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Lewis Ginter talks to emphasize heart, health and how to’s during February series

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By Leha Byrd
University Public Affairs
804-828-7028

Tuesday, Feb. 7, 2017

VCU Health will continue its series of educational seminars on current health care topics throughout February. The following seminars are from 5:30 to 6:30 p.m.at Lewis Ginter Botanical Garden’s Kelly Education Center, 1800 E. Lakeside Ave. All seminars are open to the public and free, though registration is suggested. Register online at vcuhealth.org/events or call (804) 628-0041 for more information.

Thursday, Feb. 9
An Affair of the Heart: Understanding Women’s Heart Disease.”

A woman’s heart is somewhat smaller than a man’s. Its physiology is different too, especially regarding heart disease,” says Join Phoebe Ashley, M.D., VCU Health Pauley Heart Center, who will talk about the anatomy of a woman’s heart and how risk factors and symptoms of heart disease are subtle and very different for women.

Tuesday, Feb. 21
“Treatment of Atrial Fibrillation”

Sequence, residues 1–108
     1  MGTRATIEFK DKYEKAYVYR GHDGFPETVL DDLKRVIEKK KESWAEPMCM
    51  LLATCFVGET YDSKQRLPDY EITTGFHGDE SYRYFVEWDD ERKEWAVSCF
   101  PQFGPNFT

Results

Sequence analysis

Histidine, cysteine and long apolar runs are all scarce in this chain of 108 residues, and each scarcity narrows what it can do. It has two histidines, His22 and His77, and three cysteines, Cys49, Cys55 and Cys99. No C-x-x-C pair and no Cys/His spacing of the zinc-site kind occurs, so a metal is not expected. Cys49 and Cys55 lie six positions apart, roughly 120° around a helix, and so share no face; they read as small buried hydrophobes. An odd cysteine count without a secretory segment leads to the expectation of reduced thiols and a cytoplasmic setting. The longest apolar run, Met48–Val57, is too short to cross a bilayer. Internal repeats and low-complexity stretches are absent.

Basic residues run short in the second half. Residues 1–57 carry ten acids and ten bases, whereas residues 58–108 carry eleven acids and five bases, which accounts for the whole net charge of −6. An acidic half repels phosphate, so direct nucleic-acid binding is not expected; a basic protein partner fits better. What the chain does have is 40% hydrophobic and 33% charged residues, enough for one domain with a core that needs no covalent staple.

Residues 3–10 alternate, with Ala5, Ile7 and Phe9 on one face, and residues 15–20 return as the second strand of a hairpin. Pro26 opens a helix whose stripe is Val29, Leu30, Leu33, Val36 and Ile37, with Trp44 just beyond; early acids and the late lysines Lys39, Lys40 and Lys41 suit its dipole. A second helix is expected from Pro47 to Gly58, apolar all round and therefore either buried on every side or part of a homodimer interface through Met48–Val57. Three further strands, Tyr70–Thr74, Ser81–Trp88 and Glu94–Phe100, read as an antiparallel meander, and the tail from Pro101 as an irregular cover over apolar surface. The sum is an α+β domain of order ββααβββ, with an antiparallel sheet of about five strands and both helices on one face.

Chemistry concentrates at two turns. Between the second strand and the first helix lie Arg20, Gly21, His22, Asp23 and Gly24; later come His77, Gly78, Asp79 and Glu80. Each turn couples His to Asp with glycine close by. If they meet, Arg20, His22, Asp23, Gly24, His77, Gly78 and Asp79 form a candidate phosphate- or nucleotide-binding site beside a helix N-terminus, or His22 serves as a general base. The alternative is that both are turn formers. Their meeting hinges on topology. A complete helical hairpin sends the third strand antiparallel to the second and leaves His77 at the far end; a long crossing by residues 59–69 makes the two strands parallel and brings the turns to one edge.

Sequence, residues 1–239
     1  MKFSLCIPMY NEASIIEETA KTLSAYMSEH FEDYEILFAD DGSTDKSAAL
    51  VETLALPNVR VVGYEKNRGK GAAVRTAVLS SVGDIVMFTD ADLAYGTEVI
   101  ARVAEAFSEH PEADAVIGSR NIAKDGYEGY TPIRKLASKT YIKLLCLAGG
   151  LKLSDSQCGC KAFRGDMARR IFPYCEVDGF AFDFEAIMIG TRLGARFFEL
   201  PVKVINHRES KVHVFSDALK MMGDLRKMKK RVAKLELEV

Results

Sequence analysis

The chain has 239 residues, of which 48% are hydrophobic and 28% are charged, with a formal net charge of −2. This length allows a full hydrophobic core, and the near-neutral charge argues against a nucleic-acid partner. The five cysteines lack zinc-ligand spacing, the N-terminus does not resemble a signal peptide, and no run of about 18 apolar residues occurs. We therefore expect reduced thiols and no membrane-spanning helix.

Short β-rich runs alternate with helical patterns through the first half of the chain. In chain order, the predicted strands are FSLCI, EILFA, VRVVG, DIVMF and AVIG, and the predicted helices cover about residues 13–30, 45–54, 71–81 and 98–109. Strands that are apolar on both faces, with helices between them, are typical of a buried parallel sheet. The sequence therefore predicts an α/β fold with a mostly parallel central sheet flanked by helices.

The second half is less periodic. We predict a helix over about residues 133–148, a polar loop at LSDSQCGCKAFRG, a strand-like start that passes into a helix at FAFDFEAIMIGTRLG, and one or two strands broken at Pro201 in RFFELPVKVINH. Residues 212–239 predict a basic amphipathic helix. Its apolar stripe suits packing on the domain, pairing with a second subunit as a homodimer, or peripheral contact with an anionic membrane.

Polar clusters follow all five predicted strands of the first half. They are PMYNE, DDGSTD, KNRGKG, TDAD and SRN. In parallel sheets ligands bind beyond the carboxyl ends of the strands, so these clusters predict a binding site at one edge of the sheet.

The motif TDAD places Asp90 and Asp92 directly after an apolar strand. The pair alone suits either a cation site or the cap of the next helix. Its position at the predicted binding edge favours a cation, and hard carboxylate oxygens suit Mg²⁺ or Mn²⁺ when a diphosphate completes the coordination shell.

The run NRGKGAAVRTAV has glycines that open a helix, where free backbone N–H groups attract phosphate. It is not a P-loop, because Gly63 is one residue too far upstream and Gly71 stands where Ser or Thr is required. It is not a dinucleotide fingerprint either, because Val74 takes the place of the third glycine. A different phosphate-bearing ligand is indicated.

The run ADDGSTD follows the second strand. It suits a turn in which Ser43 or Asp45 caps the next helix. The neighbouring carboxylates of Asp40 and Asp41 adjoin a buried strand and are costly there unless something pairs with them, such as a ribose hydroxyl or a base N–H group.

Despite the fact that atrial fibrillation, or a-fib, is the most common heart rhythm disorder, it remains complicated to treat. VCU Medical Center is one of the few hospitals in the country to use hybrid ablation — a method that combines a surgical procedure and catheter ablation to treat a-fib. Join Kenneth Ellenbogen, M.D., and Vigneshwar Kasirajan, M.D., from VCU Heart Pauley Center, to learn about occlusion of coronary arteries, as well as what symptoms to look for and what surgical and nonsurgical treatment options are available.

Tuesday, Feb. 28
“Heart Valve Disease: How It Presents and What To Do About It.”

Valves are flaps that open and close to allow blood to flow between the different chambers of the heart and out to the body. Sometimes, the valves can become narrowed or leaky, which results in pressure or volume overload and eventually causes symptoms. Join Barbara Lawson, M.D., and Jose Exaire, M.D., from VCU Health Pauley Heart Center, to learn about occlusion of coronary arteries, what symptoms to look for and what surgical and nonsurgical treatment options are available.